Cornbread + Jalapenos + Ground Beef = an affordable one pan twist on tamales. Want to skip the bits about my mom and just get to the grub? Just jump to the recipe.
If my mom hadn’t been my mom, she would have made a fantastic audio book narrator.
It’s not because she made great voices. She didn’t. She wasn’t that kind of woman. Monster voices, princess voices, and Southern drawls were much too colloquial for my mom – for the lady who taught “yes please” and “no thank you” with a hand so deft you might think the 10 Commandments were one short.
It’s because her voice had a steady cadence, a rhythm that ebbed and flowed with each sentence. Her tone was soft and deep, like a chair you sink into after a long day. She knew when to pause.
When to stop. When to close the book and ask, “What do you think?”
Reading with her was like stepping into your imagination with grownup gloves. My mom didn’t believe in treating anyone like a child. She still doesn’t.
Baby voices and lowered expectations didn’t exist. I was taught to see a future bigger than myself and to fight like the bejesus for it. Being small wasn’t an option. Laying down wasn’t a choice.
Trying to act like a grownup at seven wasn’t without its challenges. Undoubtedly, when you’re seven going on 40, it can be difficult to make friends. I spent a lot of my early days as an outsider, an easy target – the girl at whom you mooed because her last name included “Cow” and laughed because she was tall and awkward and didn’t know talking politics at the lunch table was boring.
While I dreaded school, the kids, and the teasing, mom carved out pockets where we were invincible. We’d escape together into stories. Her voice guided me into Annemarie’s hidden room in Number the Stars. It took me to Laura’s farm in Little House on the Prairie. We stepped into factories and labor unions. We dove into slavery, the underground railroad, and the great depression.
From car seats and park benches to the kitchen table and the family room couch, we went on grand adventures.
I’ll always be a little off. I’ll always have bit of that awkward girl in the corner mojo. And, I’ll always have a steady cadence telling me to grab hold of the future I want, to stand up tall, and hold on even when I think I can’t.
Adapted from The Complete America Test Kitchen TV Show Cookbook
We didn’t have a lot of money when I was a girl, but that fact never fazed my mom. We ate coupon dinner and affordable recipes. She bought meat in bulk and froze it in single servings. Looking back, I know our budget was small, but mom made life big with warm hearty meals – meals very similar to this one.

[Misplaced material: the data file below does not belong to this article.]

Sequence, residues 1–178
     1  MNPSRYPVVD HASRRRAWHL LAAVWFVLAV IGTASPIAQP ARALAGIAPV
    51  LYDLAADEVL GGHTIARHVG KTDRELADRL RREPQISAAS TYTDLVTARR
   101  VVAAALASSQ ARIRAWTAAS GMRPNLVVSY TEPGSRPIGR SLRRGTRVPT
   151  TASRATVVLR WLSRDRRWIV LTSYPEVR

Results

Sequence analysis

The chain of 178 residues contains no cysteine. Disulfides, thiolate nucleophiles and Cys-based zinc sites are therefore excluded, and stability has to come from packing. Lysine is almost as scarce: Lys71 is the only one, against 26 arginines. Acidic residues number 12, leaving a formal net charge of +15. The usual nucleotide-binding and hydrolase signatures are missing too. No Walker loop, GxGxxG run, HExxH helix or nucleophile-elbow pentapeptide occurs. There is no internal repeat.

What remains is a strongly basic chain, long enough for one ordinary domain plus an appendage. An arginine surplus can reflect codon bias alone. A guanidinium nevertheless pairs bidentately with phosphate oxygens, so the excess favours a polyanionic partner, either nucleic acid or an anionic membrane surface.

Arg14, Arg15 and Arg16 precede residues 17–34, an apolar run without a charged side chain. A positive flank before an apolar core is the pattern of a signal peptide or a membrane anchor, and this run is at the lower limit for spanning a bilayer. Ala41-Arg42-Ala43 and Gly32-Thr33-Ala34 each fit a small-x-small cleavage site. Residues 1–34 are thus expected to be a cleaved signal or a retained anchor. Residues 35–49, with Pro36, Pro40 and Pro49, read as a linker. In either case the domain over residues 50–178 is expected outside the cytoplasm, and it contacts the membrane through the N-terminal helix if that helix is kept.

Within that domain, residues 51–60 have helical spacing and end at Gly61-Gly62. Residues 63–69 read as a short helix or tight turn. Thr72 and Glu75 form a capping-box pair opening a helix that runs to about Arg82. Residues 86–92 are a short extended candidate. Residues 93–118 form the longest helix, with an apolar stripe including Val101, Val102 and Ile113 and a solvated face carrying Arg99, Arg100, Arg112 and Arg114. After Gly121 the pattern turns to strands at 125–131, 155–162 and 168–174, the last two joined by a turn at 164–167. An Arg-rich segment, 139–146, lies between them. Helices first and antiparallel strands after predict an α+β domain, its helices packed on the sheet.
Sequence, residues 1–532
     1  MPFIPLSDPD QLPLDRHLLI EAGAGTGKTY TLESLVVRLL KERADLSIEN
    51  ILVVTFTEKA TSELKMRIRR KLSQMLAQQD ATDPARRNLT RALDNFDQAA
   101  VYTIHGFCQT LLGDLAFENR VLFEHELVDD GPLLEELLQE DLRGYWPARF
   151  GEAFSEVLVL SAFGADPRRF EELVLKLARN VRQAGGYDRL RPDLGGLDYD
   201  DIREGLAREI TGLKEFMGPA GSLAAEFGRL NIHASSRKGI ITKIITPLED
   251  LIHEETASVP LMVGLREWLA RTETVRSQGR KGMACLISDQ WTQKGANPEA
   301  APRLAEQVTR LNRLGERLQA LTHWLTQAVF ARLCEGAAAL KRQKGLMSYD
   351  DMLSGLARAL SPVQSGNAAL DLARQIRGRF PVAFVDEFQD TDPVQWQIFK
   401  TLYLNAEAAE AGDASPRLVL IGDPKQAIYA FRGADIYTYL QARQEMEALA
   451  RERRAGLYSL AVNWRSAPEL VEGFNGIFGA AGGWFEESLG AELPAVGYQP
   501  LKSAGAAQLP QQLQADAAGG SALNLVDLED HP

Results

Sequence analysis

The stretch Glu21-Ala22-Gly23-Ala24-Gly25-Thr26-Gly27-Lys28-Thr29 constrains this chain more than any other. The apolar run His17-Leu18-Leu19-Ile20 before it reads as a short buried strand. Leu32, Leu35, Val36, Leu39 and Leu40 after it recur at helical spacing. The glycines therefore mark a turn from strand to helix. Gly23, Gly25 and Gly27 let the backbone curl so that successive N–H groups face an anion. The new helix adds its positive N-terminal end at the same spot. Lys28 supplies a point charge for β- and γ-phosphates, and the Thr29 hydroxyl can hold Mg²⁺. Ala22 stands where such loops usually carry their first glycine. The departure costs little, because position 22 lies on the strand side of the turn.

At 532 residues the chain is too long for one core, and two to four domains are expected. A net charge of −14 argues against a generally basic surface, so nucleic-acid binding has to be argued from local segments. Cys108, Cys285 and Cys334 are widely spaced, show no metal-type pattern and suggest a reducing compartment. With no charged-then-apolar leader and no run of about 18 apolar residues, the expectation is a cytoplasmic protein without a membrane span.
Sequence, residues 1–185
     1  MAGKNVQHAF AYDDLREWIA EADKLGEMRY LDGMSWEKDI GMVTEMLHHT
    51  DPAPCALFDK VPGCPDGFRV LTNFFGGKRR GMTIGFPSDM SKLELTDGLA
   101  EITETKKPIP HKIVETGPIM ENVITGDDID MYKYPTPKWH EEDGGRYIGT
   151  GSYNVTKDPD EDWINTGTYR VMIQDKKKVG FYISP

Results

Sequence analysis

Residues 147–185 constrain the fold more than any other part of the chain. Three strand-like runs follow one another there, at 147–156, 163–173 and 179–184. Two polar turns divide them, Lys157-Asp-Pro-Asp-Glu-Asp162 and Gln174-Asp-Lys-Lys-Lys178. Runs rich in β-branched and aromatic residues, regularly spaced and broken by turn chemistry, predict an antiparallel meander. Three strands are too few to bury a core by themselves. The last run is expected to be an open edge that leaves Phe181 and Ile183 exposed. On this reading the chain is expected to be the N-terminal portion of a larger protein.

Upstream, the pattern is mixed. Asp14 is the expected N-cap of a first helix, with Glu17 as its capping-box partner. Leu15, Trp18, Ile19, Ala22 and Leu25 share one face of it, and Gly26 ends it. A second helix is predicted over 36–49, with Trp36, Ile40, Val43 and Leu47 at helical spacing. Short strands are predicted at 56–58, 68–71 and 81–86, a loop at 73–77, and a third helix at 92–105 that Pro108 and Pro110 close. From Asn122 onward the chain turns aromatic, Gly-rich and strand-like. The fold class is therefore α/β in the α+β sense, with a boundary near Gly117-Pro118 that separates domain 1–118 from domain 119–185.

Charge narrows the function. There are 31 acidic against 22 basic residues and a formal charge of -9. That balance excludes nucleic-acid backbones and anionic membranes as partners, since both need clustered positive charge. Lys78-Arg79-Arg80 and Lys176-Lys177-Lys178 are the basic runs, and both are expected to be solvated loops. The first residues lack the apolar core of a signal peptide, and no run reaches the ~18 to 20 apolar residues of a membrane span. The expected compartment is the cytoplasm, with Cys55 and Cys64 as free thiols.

This recipe is adapted from one of my go-to resources, The Complete America Test Kitchen TV Show Cookbook. I’ve made some changes and additions, such as corn. You can definitely use fresh corn if you have it, but when it’s not in season, this browning technique is a fantastic way to replace the canned taste with a nutty flavor. I also upped the spice factor by adding jalapenos and doubling the chili powder. If heat’s not your thing, feel free to cut back.
4 TBS vegetable oil
1 can corn, drained
1 large onion, chopped
2 jalapenos, seeded and chopped
4 TBS chili powder
3 cloves garlic, minced
1 pound lean ground beef
1 (15-ounce) can black beans, rinsed and drained
1 (14.5-ounce) can diced tomatoes
1 cup cheddar cheese, shredded
¾ cup flour
¾ cup yellow cornmeal
3 TBS sugar
¾ tsp salt
¾ tsp baking powder
¼ tsp baking soda
¾ cup buttermilk
1 large egg
3 TBS unsalted butter, melted and cooled.
Preheat oven to 450 degrees.
Heat 2 TBS vegetable oil in a large, oven-safe skillet. Add corn and let sit until corn starts popping. Stir and allow to pop again.
Remove corn from skillet and set aside.
Return pan to heat. Add remaining 2 TBS vegetable oil. Heat until shimmering. Add onion, jalapenos, chili powder, and salt. Cook until onion and jalapenos have softened (roughly 5 minutes). Add garlic and cook until fragrant (about 30 seconds.) Remove onion mixture from pan and set aside.
Add ground beef to pan. Brown, breaking up with a spoon. Drain excess fat.
Add black beans, tomatoes, corn, and onions. Bring to a simmer and allow to cook for 5 – 10 minutes.
While pan is simmering, whisk flour, cornmeal, sugar, salt, baking powder, and baking soda in a medium bowl.
In a separate bowl, whisk buttermilk, egg, and butter. Add liquids to dry ingredients and stir until just combined.
Add cheddar cheese to skillet and stir to combine. Dollop cornbread topping evenly over skillet. Place skillet in oven and bake until the cornbread is cooked through (10 – 15 minutes).
Using potholders, remove skillet from oven and serve.